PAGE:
1. Skip to navigation
  2. Skip to content
  3. Skip to sidebar


Aqueduct of Segovia II by Vicenç Palà

Want to add this gigapan to your favorites? Log In or Sign Up now.

Log In now to add this Gigapan to a group gallery.

About This Gigapan

Toggle
Taken by
Vicenç Palà Vicenç Palà
Explore score
1
Size
0.28 Gigapixels
Views
1415
Date added
May 09, 2011
Date taken
May 09, 2011
Gear

EOS 7d + 70-200 mm + Gigapan P...

Categories
 
Galleries
Competitions
Tags
Description

The Aqueduct of Segovia (or more precisely, the aqueduct bridge) is a Roman aqueduct and one of the most significant and best-preserved ancient monuments left on the Iberian Peninsula. It is the foremost symbol of Segovia, as evidenced by its presence on the city's coat of arms.

The aqueduct transports waters from Fuente Fría river, situated in the nearby mountains, some 17 kilometers (10.6 miles) from the city in a region known as La Acebeda. It runs another 15 kilometers (9.3 miles) before arriving in the city. The water is first gathered in a tank known as El Caserón (or Big House), and is then led through a channel to a second tower known as the Casa de Aguas (or Waterhouse). There it is naturally decanted and sand settles out before the water continues its route. Next the water travels 728 meters (0.45 miles) on a one-percent grade until it is high upon the Postigo, a rocky outcropping on which the old city center, the Segovia Alcázar, was built. Then, at Plaza de Díaz Sanz (Díaz Sanz Square), the structure makes an abrupt turn and heads toward Plaza Azoguejo (Azoguejo Square). It is there the monument begins to display its full splendor. At its tallest, the aqueduct reaches a height of 28.5 meters (93.5 ft), including nearly 6 meters (19.7 ft) of foundation. There are both single and double arches supported by pillars. From the point the aqueduct enters the city until it reaches Plaza de Díaz Sanz, it boasts 75 single arches and 44 double arches (or 88 arches when counted individually), followed by four single arches, totalling 167 arches in all.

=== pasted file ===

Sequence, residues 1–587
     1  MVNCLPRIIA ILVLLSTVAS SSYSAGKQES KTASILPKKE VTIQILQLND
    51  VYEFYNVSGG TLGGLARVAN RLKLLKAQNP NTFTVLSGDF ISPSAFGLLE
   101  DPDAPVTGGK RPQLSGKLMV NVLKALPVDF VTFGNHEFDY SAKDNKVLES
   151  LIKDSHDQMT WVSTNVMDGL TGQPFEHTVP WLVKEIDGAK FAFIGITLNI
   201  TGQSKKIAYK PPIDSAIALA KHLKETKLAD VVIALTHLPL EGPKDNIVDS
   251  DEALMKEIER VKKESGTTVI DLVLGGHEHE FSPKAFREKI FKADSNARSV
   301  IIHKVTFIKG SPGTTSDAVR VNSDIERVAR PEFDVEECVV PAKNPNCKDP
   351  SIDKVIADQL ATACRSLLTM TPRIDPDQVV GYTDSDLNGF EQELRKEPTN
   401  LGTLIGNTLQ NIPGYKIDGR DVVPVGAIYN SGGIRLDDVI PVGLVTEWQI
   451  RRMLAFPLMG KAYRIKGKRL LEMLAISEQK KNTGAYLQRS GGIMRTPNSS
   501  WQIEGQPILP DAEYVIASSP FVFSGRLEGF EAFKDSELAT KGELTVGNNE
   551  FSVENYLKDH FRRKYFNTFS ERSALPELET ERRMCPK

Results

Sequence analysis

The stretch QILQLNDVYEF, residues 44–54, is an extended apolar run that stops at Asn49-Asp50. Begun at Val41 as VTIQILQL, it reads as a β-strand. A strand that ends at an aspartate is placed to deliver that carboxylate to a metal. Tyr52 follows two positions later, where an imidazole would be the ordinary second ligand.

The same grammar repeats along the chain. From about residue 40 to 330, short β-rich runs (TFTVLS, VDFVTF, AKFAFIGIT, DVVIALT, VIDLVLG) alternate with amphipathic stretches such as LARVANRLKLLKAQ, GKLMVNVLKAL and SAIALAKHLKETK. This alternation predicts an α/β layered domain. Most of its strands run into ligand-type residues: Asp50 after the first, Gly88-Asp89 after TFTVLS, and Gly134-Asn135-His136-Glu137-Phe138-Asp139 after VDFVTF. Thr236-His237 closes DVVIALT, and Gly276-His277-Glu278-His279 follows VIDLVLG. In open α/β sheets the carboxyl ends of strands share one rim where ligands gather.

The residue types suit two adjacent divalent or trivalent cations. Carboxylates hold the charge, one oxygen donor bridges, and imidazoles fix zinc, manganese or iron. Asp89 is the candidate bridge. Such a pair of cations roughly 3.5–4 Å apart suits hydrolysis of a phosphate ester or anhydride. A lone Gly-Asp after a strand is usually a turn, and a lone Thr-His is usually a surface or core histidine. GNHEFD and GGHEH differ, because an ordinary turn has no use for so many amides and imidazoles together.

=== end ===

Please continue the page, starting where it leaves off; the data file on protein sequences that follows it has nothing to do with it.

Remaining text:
The construction of the aqueduct follows the principles laid out by Vitruvius as he describes in his De Architectura published in the mid-first century.


Gigapan Comments (0)

Toggle Minimize gigapan_comment
The GigaPan EPIC Series, Purchase an GigaPan EPIC model and receive GigaPan Stitch complimentary

Where in the World is this GigaPan?

Toggle

Member Log In